Feel like taking in something highbrow in Tokyo? Why not some art! The National Art Center (Kokuritsu Shin-Bijutsukan), Tokyo is an art museum located in the upscale Roppongi district. Opening on January 21, 2007, it is a unique and innovative art exhibition facility: instead of maintaining a permanent collection, it Read more [...]
Place Category: Attractions
The Nezu Museum is a stylish and wheelchair accessible museum where visitors can enjoy a peaceful break from the city.
The Nezu Museum houses a collection of pre-modern Japanese and East Asian art in Omotesando. The art was mostly collected by Kaichiro Nezu (1860-1940), president of the Tobu Railway.
The museum was rebuilt in 2006 and features a large and simple yet elegant design that is very atmospheric. The two-story museum features special exhibits as well as periodically changing general exhibitions of the collection’s approximately 7,400 pieces (which includes seven National Treasures, 87 Important Cultural Properties, and 94 Important Art Objects). The art varies from calligraphy to ceramics to metalwork and sculpture. All items have English descriptions.
There is also a large traditional Japanese garden behind the museum that contains many ancient statues and monuments. Along the wandering paths users can find a pond, waterfall and tea houses as well as the Nezu Cafe.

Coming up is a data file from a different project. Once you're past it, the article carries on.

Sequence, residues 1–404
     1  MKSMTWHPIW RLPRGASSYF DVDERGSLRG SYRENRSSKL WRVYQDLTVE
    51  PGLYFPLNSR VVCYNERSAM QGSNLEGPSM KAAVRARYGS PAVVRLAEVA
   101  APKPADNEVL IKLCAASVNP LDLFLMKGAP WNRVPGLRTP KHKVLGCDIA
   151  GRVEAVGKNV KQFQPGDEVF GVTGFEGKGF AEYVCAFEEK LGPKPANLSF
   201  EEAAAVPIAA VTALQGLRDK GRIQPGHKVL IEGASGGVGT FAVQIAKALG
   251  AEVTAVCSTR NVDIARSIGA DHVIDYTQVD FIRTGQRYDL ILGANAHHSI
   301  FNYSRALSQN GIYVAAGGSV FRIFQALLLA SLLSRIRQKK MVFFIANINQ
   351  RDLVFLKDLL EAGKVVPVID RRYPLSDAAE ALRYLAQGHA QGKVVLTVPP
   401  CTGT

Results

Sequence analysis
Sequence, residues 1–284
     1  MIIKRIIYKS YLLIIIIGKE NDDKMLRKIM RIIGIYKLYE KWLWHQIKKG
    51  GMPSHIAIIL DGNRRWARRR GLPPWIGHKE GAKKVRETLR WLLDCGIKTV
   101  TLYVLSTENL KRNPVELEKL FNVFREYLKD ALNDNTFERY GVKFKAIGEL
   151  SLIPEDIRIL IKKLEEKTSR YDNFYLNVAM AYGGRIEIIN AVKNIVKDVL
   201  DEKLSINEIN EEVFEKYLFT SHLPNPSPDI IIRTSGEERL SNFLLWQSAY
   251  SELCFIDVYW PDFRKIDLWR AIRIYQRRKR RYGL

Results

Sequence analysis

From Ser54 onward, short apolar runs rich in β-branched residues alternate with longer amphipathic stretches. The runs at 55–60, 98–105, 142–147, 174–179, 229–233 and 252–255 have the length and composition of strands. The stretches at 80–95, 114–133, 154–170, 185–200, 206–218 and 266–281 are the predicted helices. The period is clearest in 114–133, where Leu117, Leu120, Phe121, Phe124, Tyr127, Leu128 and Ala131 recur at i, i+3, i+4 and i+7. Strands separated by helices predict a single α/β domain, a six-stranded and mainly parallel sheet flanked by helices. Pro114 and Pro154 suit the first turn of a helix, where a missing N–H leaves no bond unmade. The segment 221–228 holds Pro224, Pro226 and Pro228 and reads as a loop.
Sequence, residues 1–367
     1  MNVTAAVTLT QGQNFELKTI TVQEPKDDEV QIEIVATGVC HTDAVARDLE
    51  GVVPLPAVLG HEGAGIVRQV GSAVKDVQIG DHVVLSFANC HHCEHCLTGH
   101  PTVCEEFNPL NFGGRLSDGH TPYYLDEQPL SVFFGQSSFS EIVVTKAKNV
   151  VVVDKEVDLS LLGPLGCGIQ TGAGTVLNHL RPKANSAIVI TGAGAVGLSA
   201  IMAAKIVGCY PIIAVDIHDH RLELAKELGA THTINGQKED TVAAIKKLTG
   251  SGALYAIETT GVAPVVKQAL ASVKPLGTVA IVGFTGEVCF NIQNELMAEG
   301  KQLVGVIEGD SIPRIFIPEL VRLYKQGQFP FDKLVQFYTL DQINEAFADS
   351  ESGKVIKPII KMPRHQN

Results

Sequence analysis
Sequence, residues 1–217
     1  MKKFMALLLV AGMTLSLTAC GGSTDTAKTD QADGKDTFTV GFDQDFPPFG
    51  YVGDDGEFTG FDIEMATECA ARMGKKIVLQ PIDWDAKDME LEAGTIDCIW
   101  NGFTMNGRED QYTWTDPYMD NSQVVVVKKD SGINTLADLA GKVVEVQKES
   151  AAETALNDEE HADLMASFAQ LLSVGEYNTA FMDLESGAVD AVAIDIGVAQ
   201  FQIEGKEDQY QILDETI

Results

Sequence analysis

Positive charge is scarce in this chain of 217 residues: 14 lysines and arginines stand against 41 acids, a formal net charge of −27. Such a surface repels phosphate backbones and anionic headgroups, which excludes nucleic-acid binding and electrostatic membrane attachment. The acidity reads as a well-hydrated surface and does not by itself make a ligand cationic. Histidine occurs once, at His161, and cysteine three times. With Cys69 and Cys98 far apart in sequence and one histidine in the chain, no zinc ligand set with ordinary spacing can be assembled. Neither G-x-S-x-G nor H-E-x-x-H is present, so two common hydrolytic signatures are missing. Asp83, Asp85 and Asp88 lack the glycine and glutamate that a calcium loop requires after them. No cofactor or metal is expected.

Visitors are welcome from 10:00 to 17:00 (entry until 16:30). The museum is closed Mondays (or the next day if Monday is a holiday), New Years, and between exhibitions – check the website for more details. Admission is 1100 yen, or 1300 yen for special exhibitions.
The Nezu Museum is a short walk from Omotesando Station, which is accessible.
The museum itself is quite open and is easy to maneuver in a wheelchair. An elevator is available to access all levels of the museum.
Wheelchairs are available for guests to borrow. For those who tire easily, there are benches on the first floor and a rest area midway between the 1st and second floor.
While there are steps in the garden, the museum offers a map highlighting an accessible route. The route takes visitors by the majority of the statues on display. Unfortunately, the path is a bit bumpy and narrow, and since the garden is on an incline it would be nice if there were a few guard rails at steeper parts.
Large accessible toilets are available on the first floor and in the basement.
The Nezu Museum is a great way to learn some history and experience a mostly accessible Japanese garden in the heart of Tokyo. It is well worth the visit, but some caution is advised when navigating the garden.